My advice to the blooming leaders is “You have to take a total leap of faith. There are no guarantees. Even if you have the best foolproof business plan in the world, failure is still a possibility. I agree that it is an uncomfortable reality to come to terms with – especially for people who know nothing but success. And that discomfort is perpetual. These challenges will arise in some shape or form for every CEO. The journey of CEO is a roller coaster ride, so accept it and move on.”


4. What is your view on implementing ESOP buybacks and liquidity programs in startups? 

My management team brings in years of expertise to this organization, help us meet our long-term goals and vision. As an award for their prolonged dedication and contribution, we offer stock options plans to them. We are an employee-centric organization, and we want our people to make money and stay engaged, involved, and grow with the organization. Buyback might be a one-time instant gratification program, but we believe in the good wealth creation of opportunities for our leadership team.

Qapita helps founders, CFOs and CHROs to organize their equity ownership record at one place making it the single source of truth. You can use Qapita to run scenarios, issue ESOPs and communicate their value to employees, run buyback or liquidity programs and engage with your employees effectively. Do click here for a demo

5. When should one consider raising funds, according to you is the right time? 

Raising funds depend on the growth strategy of the organization. There might be numerous roadblocks that can emerge on the road of growth strategy. But focus on your company’s financial forecasts and do your necessary investments to grow in terms of leadership, in terms of innovative products or services offered to the clients.

6. What does your typical day look like and how do you handle setbacks?

I wake up early in the morning to avoid procrastination. My internal clock has makes me wake up early and ready to take on the day without an alarm clock. Early in the morning, I attend the reviews with my leadership team. Once in the office, I meet with my executive assistant to go over my agenda for the day, followed up with regular meetings on operations, HR& recruitment, Finance, Software/ technology, and Sales and Contracting. I also spend significant amount of my time on learning and development, enabling platforms and tools, and ensuring robust governance.

I am a people person and I believe in building relationships both with my clients and my employees. So, my late evening is stored for building up these relationships. I take time to catch up on conversations and follow-ups. This could include phone calls, texts, emails, etc.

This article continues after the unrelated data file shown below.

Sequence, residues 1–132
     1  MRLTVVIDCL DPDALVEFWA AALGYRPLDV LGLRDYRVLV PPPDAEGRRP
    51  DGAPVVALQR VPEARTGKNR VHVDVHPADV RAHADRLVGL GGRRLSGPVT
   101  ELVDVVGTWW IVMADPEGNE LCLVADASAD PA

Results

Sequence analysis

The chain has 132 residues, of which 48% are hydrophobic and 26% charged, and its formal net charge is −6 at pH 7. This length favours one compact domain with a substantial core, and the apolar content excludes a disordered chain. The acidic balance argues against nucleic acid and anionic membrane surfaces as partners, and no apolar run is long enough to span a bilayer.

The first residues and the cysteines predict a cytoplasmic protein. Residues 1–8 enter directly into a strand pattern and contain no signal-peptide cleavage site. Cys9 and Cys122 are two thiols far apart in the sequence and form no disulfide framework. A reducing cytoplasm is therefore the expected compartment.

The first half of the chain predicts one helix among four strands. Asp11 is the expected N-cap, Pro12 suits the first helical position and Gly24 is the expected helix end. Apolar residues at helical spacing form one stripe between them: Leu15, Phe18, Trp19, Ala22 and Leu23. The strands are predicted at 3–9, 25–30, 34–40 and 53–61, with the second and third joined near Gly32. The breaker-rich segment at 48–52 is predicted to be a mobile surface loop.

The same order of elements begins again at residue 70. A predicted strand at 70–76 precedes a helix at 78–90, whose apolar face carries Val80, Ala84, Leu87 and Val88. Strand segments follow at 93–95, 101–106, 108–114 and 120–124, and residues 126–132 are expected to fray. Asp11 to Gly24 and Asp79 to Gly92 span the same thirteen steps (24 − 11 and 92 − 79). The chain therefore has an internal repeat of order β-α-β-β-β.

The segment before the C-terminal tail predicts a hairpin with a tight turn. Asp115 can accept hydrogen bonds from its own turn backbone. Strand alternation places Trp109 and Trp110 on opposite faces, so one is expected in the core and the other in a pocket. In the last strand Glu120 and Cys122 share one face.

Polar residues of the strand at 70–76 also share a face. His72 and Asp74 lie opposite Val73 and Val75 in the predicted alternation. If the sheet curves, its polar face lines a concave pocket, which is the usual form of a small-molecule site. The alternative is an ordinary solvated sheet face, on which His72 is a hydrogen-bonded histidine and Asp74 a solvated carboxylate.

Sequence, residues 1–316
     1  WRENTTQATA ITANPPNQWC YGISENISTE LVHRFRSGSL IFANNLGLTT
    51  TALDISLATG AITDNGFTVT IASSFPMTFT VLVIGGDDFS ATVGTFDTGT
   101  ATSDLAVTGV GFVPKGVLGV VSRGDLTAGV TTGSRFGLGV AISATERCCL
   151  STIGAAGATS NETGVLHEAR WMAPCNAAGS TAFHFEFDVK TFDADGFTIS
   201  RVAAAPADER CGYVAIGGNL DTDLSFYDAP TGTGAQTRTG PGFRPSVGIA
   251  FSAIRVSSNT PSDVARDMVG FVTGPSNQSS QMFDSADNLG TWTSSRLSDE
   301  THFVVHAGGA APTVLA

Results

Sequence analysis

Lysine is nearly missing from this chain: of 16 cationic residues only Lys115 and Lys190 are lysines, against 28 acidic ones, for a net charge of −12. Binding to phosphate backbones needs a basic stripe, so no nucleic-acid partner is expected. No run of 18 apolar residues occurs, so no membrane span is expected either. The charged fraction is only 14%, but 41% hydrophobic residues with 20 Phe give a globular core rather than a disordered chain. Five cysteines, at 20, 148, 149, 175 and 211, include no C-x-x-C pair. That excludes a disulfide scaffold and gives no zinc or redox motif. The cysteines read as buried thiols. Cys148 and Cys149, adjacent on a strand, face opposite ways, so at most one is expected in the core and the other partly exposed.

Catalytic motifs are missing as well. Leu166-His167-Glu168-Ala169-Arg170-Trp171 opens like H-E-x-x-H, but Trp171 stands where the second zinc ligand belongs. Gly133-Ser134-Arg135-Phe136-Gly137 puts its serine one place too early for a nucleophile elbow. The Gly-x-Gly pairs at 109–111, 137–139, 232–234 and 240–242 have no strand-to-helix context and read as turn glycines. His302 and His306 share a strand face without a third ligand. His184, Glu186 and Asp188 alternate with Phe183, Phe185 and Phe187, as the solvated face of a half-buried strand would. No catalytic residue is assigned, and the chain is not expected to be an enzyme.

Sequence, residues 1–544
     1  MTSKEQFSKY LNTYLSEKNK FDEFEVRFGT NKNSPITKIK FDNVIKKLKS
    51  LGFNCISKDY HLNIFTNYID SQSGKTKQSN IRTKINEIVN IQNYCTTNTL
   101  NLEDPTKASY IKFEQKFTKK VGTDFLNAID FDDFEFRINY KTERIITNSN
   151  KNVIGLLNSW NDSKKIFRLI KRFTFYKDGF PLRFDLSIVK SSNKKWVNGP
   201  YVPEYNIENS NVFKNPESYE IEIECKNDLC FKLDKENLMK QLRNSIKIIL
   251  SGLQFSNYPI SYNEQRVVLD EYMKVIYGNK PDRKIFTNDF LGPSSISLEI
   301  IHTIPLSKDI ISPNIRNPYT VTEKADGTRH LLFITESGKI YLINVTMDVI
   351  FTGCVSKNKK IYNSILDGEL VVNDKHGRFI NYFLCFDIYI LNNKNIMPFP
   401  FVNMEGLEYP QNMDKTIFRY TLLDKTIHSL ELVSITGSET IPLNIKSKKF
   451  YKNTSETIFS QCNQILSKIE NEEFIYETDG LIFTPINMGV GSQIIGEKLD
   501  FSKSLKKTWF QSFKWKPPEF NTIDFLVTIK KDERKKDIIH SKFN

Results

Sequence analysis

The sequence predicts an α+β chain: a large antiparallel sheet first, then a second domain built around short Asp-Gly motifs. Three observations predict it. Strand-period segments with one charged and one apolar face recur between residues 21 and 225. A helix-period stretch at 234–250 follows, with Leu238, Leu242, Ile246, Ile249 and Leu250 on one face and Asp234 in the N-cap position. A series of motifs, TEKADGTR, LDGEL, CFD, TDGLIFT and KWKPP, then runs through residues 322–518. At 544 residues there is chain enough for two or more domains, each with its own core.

After catching up on work throughout the week, the weekends are typically only with my family. I find that personal development is another way to unwind myself. I am an avid reader and stay updated on current affairs. In our ever-changing world, I find that it is important to continue to develop a competitive edge in leadership and business in addition to working on my personal development.

Every CEO will have a different daily routine. I put priority on being visible with my team, so I build my schedule around that.

As a CEO and Managing Director, I always have to deal with setbacks, conflicts, and challenges; it just comes with the territory. I think setbacks are learning and such kind of exponential learning gives you sufficient knowledge to handle setbacks, address challenges and successfully work through them. It is important to realize that setbacks are not the end of the world, and they don't reflect your overall professional success. One setback does not imply that the project or team is doomed. 

Instead of focusing on what is not working, concentrate on what is working. Even when things go wrong, it is your role to keep a cool head and inspire confidence in your team members. I do not blame setbacks on any individual or any circumstances. Setbacks are learning opportunities, so I always advise you to have a positive outlook that will make you and you and your team well equipped to handle any challenges. Both growth and setbacks are the collective responsibility of the leadership team at work.


7. Which is your favorite book and why?

My all-time favorite book is Good to Great by Jim Collins. This book may not have been read by many young leaders and might be irrelevant or outdated for them. But this book always helped me to formulate correct thought process on systemic framework and business strategy. 

The book, Good to Great addresses how good companies might become great companies, and how they went about doing so. Jim Collins identifies the three critical factors to running a great corporation of any size. He develops a compelling profile of what it takes to be a leader of a great enterprise under any given situation. Here he talks about ethics and what composes ethical behavior. He demonstrates the building of a successful business because of ethical behavior rather than sliding rapidly downhill.


8. What are your future plans for yourself and your company?


My future plan for the company is to look deeper into tomorrow’s talent and aggressively hire people for level 5 leadership. I want to come up with products and services and a roadmap, and disruptive business deals that can triple the revenue growth in the next 3-4 years. 

I intend to focus on both organic as well as inorganic growth which is continuously driven by adding values and insights to our client.

Well, on a personal front my future plan is to retire from the active CEO life in coming 4-5 years and staying engaged with like-minded and ambitious young leadership for guidance, innovation, and breakthrough strategies for the businesses to succeed and spend remaining time in doing things which I couldn’t do because of the heavy work schedule and responsibilities in past 25 years, which includes acting, farming, and setting up an old-age home.